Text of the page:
After a Thruway crash, a major insurance company refused to acknowledge a mild traumatic brain injury widely recognized among treating healthcare providers.
Gary Moss is an active, generous and giving man. As manager of a carpet store, he sometimes worked 60 hours per week, enjoyed managing and training salespeople, resolving customer concerns and is very active in his community. Most important to him is giving to his community, including helping raise funds for children in need.
Following the crash Mr. Moss had difficulty organizing thoughts, short-term memory loss, difficulty finding words and speaking, and missed appointments. He struggled to keep his job and attended therapy for physical and cognitive losses to get back to pre-collision status. His personal lawyer suggested he contact Buffalo personal injury attorney John Feroleto.
For years, the insurance company outright denied the injury to Gary Moss. John Feroleto and the staff at Feroleto Law were able to assemble substantial evidence, including treating doctors’ findings, neuropsychological test results and other medical records substantiating the harm done to Mr. Moss.
Shortly before trial, the insurance company agreed to a binding arbitration. The insurance company maintained its legal position that it did not have to compensate Mr. Moss for the harms and losses to him. In addition to the medical evidence, Gary‘s forthright and sincere testimony allowed the arbitrators to understand the harms to him and his losses. Before the crash he had great joy and satisfaction helping organize events to help disadvantaged children in the community.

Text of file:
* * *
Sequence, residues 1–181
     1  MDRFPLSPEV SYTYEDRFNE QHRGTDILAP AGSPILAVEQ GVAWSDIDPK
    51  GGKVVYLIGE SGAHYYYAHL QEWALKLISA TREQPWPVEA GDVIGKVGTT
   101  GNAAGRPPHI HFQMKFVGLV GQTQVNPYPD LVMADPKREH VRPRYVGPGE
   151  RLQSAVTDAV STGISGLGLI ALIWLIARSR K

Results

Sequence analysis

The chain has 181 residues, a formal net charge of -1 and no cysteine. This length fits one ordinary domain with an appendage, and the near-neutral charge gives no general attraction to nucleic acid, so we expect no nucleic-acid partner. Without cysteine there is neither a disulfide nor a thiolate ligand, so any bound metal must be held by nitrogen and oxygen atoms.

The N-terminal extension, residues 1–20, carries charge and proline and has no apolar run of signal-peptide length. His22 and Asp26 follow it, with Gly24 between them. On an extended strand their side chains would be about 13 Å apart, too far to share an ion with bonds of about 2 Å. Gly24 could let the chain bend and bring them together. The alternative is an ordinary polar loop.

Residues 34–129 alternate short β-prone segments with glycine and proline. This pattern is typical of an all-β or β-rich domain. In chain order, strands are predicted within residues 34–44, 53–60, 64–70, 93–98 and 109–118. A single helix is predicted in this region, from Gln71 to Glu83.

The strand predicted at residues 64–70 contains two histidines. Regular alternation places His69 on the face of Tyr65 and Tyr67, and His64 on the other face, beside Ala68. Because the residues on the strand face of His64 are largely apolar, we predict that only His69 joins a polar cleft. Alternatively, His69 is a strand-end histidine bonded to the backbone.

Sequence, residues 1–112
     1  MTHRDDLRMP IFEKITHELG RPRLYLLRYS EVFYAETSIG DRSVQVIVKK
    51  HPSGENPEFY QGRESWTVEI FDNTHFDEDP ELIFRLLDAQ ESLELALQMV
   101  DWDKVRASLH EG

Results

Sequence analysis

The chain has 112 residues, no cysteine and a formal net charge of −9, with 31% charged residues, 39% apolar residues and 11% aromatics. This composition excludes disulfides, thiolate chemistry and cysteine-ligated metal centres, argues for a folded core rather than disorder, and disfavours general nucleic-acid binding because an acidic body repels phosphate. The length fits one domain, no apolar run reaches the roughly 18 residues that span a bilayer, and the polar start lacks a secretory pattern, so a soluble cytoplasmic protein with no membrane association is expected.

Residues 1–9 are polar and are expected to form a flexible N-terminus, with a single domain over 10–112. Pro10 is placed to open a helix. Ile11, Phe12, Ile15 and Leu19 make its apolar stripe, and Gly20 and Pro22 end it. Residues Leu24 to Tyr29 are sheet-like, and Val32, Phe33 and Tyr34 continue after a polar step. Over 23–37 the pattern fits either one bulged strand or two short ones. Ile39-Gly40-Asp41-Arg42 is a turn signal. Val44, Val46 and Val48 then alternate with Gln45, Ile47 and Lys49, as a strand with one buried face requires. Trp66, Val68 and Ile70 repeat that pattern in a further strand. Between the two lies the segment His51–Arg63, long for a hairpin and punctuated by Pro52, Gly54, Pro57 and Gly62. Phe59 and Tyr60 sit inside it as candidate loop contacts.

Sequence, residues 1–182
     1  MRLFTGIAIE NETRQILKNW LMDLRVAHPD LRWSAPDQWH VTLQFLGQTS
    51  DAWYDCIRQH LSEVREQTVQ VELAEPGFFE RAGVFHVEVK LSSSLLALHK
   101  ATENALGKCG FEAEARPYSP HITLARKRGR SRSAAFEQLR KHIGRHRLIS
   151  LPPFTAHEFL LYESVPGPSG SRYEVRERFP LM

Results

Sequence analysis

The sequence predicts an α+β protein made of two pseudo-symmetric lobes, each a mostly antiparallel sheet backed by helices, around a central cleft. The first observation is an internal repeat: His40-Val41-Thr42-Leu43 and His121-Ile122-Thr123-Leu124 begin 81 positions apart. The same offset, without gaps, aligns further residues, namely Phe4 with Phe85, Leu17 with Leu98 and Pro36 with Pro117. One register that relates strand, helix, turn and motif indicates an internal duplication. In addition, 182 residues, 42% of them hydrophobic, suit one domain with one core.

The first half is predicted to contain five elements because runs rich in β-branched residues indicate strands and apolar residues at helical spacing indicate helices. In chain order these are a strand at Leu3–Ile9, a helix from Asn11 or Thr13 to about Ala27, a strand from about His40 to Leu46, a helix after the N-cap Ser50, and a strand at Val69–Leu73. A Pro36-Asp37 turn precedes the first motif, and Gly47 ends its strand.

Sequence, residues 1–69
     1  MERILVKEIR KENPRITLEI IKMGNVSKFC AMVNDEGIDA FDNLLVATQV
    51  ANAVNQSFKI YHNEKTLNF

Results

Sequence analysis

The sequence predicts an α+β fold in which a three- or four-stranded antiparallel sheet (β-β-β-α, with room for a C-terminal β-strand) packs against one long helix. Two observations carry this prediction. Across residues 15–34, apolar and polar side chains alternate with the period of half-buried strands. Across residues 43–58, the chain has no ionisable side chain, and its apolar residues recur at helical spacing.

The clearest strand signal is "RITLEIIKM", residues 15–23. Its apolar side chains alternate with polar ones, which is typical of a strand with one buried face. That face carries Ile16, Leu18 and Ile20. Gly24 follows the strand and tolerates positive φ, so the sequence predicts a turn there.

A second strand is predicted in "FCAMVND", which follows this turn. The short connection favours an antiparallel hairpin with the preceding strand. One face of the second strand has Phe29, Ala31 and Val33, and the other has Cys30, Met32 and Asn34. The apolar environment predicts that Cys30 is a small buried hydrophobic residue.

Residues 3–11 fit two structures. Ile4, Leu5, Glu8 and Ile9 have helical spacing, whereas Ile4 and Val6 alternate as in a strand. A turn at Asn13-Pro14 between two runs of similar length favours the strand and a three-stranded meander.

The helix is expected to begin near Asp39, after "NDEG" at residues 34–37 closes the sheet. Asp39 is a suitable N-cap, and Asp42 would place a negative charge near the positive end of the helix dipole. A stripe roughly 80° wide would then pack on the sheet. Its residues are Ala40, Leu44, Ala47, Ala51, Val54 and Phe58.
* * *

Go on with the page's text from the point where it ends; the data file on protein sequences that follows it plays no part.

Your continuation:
In his business he took great pride in training young sales associates to always be a friend to the store’s clients and treat them like family. He was a mentor both at work and in the community. Following the crash he was very often painfully absent in the community. Instead of being the mentor at work, others were covering for him.
The arbitration panel recognized what the insurance company would not and found the harms and losses to Mr. Moss were in the substantial six-figure range.
Congratulations, Mr. Moss for:
1) Persevering to overcome your injuries, and
2) Persevering against the recalcitrant insurance company.